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InfoQ Homepage News RESTful Web Services Framework Jersey 2.0 Released, Implementing JAX-RS 2.0 Specification

RESTful Web Services Framework Jersey 2.0 Released, Implementing JAX-RS 2.0 Specification

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Final version of the RESTful Web Services Framework Jersey 2.0 was recently released, bringing a Client API and support for asynchronous Clients and Services. Jersey 2.0 is a reference implementation of the JAX-RS 2.0 API Specification, (JSR 339), released late May.

The Java-based framework has gone through a major refactoring to accommodate the significant changes in JAX-RS 2.0, which include:

  • A Client API for communication with a RESTful or any other Web service exposed on the HTTP protocol. This new JAX-RS Client API builds on concepts in the proprietary Jersey 1.x Client API so developers familiar with the 1.x Client should find it easy to migrate to the new one.
  • Hypermedia support with link-related classes to support building hyperlinks according to the HATEOAS concept, e.g. links to related resources or links for changing state of a resource.
  • Filters and interceptors that make it possible to monitor and modify both incoming and outgoing messages on the client as well as on the server side. Examples of use include authentication when receiving requests and adding headers to responses.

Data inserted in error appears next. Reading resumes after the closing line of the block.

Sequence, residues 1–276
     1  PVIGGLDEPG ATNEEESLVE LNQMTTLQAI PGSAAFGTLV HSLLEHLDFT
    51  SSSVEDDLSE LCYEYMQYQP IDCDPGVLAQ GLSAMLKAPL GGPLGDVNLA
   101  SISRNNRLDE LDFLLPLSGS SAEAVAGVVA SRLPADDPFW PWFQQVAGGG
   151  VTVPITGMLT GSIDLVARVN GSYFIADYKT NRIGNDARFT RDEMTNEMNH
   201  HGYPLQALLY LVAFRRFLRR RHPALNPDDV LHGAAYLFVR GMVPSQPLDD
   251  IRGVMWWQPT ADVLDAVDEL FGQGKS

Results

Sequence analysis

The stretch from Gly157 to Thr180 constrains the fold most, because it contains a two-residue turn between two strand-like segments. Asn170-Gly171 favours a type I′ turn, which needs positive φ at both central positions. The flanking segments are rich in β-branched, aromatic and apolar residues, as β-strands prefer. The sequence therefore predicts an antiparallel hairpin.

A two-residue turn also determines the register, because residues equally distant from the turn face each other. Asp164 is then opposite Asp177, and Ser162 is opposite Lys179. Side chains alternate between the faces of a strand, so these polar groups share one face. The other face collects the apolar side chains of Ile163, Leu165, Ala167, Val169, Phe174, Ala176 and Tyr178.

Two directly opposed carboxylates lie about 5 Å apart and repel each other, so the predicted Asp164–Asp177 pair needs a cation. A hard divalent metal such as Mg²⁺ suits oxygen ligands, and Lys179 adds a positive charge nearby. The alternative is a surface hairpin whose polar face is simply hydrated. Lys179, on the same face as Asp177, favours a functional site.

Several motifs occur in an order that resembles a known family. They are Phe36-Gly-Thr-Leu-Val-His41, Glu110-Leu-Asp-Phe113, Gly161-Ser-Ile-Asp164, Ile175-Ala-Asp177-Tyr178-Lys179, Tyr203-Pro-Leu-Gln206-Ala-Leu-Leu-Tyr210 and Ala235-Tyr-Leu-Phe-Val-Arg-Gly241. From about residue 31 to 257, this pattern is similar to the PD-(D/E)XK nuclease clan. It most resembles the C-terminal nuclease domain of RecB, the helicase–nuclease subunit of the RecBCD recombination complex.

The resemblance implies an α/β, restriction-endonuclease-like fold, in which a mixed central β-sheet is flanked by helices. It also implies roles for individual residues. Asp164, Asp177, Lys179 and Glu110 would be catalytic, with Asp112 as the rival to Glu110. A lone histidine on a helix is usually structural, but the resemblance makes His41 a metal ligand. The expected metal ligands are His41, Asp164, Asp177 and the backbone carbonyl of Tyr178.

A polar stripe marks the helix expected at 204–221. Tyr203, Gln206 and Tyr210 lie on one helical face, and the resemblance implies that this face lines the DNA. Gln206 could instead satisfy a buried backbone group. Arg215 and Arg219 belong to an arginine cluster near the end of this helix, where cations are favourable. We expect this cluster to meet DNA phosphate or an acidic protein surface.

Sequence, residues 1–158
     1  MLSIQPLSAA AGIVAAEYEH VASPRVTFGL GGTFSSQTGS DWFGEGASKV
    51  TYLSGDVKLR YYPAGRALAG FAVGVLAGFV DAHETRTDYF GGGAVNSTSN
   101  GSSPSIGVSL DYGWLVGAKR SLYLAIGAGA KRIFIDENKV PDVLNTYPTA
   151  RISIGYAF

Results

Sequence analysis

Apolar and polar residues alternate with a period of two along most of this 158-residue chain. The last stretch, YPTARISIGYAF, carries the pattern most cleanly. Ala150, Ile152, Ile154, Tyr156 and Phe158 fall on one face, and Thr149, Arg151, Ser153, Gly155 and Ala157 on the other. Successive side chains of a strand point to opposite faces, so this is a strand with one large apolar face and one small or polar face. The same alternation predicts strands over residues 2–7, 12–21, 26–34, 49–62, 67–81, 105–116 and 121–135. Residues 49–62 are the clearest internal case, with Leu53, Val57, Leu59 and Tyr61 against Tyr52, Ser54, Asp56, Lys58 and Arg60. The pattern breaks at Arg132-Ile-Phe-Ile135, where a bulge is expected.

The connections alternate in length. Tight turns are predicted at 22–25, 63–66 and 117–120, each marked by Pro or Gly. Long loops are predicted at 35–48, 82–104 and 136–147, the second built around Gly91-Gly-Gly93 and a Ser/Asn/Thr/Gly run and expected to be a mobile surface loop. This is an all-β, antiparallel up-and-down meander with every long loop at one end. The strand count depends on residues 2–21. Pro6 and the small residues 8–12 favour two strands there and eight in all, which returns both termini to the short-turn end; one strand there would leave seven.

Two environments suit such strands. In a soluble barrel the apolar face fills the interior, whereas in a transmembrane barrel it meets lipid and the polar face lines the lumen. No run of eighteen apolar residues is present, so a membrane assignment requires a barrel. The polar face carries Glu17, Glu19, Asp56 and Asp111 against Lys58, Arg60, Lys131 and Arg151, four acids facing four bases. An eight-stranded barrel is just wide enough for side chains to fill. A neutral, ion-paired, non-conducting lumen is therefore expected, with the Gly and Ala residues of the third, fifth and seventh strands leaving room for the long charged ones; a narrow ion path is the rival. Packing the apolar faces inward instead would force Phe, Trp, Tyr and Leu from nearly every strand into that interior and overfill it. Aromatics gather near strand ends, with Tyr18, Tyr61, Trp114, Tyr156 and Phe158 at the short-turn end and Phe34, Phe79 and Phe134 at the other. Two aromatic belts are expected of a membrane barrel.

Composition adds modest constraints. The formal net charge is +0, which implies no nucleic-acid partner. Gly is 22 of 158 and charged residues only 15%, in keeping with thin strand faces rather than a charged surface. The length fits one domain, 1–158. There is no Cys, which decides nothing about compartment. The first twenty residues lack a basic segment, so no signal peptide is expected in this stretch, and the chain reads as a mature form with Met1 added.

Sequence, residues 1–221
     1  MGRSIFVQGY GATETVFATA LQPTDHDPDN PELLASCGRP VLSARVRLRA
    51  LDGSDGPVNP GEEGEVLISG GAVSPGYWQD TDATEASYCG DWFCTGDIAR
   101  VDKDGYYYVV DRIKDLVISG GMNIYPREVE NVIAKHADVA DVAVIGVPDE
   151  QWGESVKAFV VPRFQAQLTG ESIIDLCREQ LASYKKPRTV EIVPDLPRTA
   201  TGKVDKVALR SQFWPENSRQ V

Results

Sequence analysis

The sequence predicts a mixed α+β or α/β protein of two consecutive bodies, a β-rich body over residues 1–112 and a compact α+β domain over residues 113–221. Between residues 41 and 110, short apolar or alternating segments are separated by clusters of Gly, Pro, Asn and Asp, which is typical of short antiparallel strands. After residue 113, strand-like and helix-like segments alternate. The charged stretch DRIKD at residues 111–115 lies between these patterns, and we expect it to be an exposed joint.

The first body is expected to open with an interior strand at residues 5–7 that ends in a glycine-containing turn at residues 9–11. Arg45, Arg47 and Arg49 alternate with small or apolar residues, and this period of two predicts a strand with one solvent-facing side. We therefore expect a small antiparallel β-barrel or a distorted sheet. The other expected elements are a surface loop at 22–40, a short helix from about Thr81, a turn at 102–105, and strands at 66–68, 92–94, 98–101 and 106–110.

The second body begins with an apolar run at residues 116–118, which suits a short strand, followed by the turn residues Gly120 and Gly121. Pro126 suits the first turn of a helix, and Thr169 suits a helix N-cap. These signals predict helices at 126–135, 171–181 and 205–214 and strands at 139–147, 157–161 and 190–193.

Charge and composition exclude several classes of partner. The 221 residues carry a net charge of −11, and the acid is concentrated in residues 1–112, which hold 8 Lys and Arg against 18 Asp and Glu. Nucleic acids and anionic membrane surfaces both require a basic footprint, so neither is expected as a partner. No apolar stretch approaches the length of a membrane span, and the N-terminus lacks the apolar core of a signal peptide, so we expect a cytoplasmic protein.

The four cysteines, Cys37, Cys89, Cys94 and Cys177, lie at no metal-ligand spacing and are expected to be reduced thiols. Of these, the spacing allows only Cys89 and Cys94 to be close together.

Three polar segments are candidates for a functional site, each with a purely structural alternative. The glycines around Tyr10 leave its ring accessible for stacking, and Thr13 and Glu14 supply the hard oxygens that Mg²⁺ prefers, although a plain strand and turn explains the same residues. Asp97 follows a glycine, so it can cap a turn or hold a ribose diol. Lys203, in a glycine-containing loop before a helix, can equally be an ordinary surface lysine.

• Asynchronous Clients and Services. On the server, throughput may be increased by using less resources; releasing the initial request thread and asynchronously handling the request and when finished, reclaiming a new thread for the response. On a client, load may be decreased similarly with a request asynchronously sent, and using a Future from the Java API waiting for a response.

Jersey 2.0 is a major refactoring which has resulted in many incompatibilities between 1.x and 2.0. The team has therefore added a section on migration in the documentation.

Marek Potociar, one of the developers in the Jersey team, has written a number of blog-posts during the two years of work and also an overview of the 2.0 release and the major changes in it.
Other sources of information include:

  • Slides from a presentation made by Arun Gupta, a well-known Java evangelist at Oracle.
  • Example code as part of a series of Java EE 7 articles.

The team has switched to git as primary VCS and moved the project repository to GitHub, with a hope that this will simplify contribution from the community to the project.

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